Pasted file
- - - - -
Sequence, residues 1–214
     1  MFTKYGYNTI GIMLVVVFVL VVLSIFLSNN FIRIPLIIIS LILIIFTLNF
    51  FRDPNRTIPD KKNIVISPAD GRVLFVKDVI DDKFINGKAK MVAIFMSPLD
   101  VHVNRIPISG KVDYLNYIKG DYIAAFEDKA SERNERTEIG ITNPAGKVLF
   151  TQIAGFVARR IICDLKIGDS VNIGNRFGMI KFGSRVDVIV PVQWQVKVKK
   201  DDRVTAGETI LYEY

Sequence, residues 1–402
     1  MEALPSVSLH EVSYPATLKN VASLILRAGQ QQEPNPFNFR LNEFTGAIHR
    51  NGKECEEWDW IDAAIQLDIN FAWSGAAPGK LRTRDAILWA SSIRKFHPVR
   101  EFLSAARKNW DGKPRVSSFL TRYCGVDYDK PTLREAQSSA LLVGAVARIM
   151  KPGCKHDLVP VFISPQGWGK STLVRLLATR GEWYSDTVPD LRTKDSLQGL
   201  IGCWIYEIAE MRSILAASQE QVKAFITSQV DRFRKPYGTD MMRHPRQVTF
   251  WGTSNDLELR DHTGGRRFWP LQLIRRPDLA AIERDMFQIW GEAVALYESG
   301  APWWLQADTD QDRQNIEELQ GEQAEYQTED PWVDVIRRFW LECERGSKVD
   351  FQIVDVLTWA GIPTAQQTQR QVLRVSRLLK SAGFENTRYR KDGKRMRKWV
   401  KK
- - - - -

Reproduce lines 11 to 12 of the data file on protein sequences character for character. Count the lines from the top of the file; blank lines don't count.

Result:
   151  KPGCKHDLVP VFISPQGWGK STLVRLLATR GEWYSDTVPD LRTKDSLQGL
   201  IGCWIYEIAE MRSILAASQE QVKAFITSQV DRFRKPYGTD MMRHPRQVTF